“The plan is outdated,” said Qi Pu, senior engineer from YRCC told NewsChina during a recent phone interview. “The conflicts of interests among different provinces are getting more severe, and it is difficult to resolve them at the moment.”

Pollution

Over the past two decades, numerous fast-developing cities have emerged along the Yellow River, like Wuhai, a resourceful industrial city that developed fast in the middle section of the river. And like most rivers in China, the Yellow River suffers from the scourge of water pollution.

In 2007, YRCC released a water quality survey that graded 33.8 percent of the river system at “level 5” (according to China’s “Environmental Quality Standards for Surface Water”, levels 4 and 5 are classified as having medium or heavy pollution), deeming it unfit for drinking, aquaculture, agriculture or industrial use.

Zhang Qing from Water Resource Protection Bureau of YRCC told NewsChina that in 2006, the central authorities had begun to place more emphasis on pollution control, and that this, together with the water allocation project, had helped to improve the situation. Since 2009, the total length of the river with water quality level 4 and 5 has reduced to 29.4 percent.

Despite the effects of pollution control measures, Zhang also admitted that it was difficult for YRCC to monitor individual enterprises and prevent them from releasing pollution into the river.

“At present, for the whole drainage area, the two most polluted river sections are from Ningxia to Inner Mongolia where mining is concentrated, and the intersection of Shaanxi, Shanxi and Henan provinces, which is also an area rich in coal and energy resources,” said Zhang Qing.

The most recently reported industrial water pollution issue along the Yellow River concerns a large petrochemical complex in Baotou, Inner Mongolia. The plant, owned by the State-owned Shenhua Group and initially scheduled to begin commercial production in late 2011, is part of a high-profile project to produce polyethylene and polypropylene from coal. Without obtaining the requisite permits to release waste water into the Yellow River from YRCC, the plant has been doing so for the past two years, causing sizeable financial losses for many local fishermen. Following an inspection in June, YRCC issued a notice to the company requiring it to stop operation and make arrangements for the treatment of its waste water.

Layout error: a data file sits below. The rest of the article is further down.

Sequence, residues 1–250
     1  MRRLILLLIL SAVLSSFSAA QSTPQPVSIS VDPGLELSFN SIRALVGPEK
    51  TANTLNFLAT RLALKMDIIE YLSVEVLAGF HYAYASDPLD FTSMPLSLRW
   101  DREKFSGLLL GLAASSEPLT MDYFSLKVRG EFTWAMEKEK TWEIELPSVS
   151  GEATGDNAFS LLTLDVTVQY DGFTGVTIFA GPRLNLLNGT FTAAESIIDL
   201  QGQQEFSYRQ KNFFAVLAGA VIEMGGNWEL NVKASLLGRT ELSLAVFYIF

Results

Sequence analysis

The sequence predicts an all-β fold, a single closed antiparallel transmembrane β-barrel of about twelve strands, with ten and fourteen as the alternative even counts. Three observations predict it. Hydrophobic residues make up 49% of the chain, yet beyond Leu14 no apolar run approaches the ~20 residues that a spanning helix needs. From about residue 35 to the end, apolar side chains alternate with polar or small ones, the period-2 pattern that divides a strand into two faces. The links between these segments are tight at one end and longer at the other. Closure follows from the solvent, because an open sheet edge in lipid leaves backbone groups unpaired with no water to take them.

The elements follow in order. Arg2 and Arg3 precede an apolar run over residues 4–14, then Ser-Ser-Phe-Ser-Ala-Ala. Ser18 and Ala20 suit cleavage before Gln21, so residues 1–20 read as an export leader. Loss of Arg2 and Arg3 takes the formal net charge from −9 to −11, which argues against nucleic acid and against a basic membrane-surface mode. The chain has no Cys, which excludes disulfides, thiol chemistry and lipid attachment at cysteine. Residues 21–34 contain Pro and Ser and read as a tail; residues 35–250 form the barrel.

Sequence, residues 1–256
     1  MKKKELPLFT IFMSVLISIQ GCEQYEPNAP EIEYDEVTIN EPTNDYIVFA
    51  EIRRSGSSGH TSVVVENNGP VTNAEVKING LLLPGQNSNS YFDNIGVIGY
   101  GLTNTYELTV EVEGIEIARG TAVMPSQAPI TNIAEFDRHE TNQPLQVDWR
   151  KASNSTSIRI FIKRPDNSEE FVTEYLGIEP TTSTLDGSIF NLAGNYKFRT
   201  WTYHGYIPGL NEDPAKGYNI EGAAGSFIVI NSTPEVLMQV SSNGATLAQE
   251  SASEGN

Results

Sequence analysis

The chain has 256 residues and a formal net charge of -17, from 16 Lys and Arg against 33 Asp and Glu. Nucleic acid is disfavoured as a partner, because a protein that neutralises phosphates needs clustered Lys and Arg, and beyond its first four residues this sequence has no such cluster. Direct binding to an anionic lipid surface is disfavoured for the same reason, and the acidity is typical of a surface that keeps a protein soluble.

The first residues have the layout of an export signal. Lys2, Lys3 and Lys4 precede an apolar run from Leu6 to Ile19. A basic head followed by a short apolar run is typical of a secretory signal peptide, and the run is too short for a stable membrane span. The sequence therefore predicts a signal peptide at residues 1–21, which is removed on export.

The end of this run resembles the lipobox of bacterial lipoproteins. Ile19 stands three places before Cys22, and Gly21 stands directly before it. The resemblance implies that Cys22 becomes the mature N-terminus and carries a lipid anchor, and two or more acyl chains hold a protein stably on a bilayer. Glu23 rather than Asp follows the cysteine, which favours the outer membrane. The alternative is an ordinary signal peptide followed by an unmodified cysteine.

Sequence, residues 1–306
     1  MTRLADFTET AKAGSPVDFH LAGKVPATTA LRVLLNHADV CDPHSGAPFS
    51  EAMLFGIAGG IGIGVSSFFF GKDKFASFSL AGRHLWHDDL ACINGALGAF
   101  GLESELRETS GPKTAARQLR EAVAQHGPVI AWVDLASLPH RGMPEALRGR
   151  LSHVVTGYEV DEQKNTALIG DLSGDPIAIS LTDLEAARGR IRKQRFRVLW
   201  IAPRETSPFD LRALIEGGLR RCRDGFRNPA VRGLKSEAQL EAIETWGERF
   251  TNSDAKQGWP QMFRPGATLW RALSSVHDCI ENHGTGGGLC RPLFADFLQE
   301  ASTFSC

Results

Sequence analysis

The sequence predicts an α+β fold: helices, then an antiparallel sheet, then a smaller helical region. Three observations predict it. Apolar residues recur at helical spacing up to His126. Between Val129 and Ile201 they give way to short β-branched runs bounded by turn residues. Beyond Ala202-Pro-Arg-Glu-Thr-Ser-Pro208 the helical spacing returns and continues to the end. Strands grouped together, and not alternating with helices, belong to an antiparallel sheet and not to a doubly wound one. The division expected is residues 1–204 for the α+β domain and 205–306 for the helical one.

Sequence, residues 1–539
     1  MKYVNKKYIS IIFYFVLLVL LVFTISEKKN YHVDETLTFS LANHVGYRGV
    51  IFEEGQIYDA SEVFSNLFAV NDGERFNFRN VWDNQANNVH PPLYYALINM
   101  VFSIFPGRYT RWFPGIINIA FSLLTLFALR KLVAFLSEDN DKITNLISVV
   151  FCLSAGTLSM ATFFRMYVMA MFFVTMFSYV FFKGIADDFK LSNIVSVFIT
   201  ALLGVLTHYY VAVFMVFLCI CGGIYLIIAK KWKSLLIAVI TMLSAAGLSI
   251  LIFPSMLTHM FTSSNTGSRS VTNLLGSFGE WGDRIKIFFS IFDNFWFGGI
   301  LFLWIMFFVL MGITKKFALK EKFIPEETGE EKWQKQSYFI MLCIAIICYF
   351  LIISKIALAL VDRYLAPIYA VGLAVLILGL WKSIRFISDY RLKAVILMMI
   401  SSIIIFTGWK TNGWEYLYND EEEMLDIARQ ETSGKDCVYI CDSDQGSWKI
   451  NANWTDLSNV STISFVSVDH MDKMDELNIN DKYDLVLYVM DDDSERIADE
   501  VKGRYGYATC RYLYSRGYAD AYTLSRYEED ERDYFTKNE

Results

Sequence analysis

“We only have the right to manage enterprises that release waste water directly into the mainstream of the Yellow River,” said Zhang Qing, adding that even this limited power, granted by China’s Water Law, is rarely respected by enterprises. “People regard the monitoring of and punishment for river pollution as the responsibility of the environmental department.”

Indeed, YRCC only acts as a water quality monitor, once individual pollution is spotted, it is authorized only to raise suggestions to local government or environment departments but has no executive right.

The responsibility of monitoring individual waste water release lies with the department of water resources, while the environmental department deals with management of water pollution – a complicated bureaucratic situation that appears to have posed obstacles for water pollution control along the entire length of the river.

On September 2, the Shenhua Baotou plant announced that the second phase of its project had launched. So far, there has been no feedback from any sources on the results of the management of water polluted by the plant. According to China Business Journal, the plant might have diverted the release of its polluted water to a local water treatment plant in Baotou.

“Similar cases have been identified, and our responsibility is to stop the enterprise from releasing pollution into the Yellow River ‘directly,’” said Zhang. “We are not responsible for its internal management of polluted water treatment.”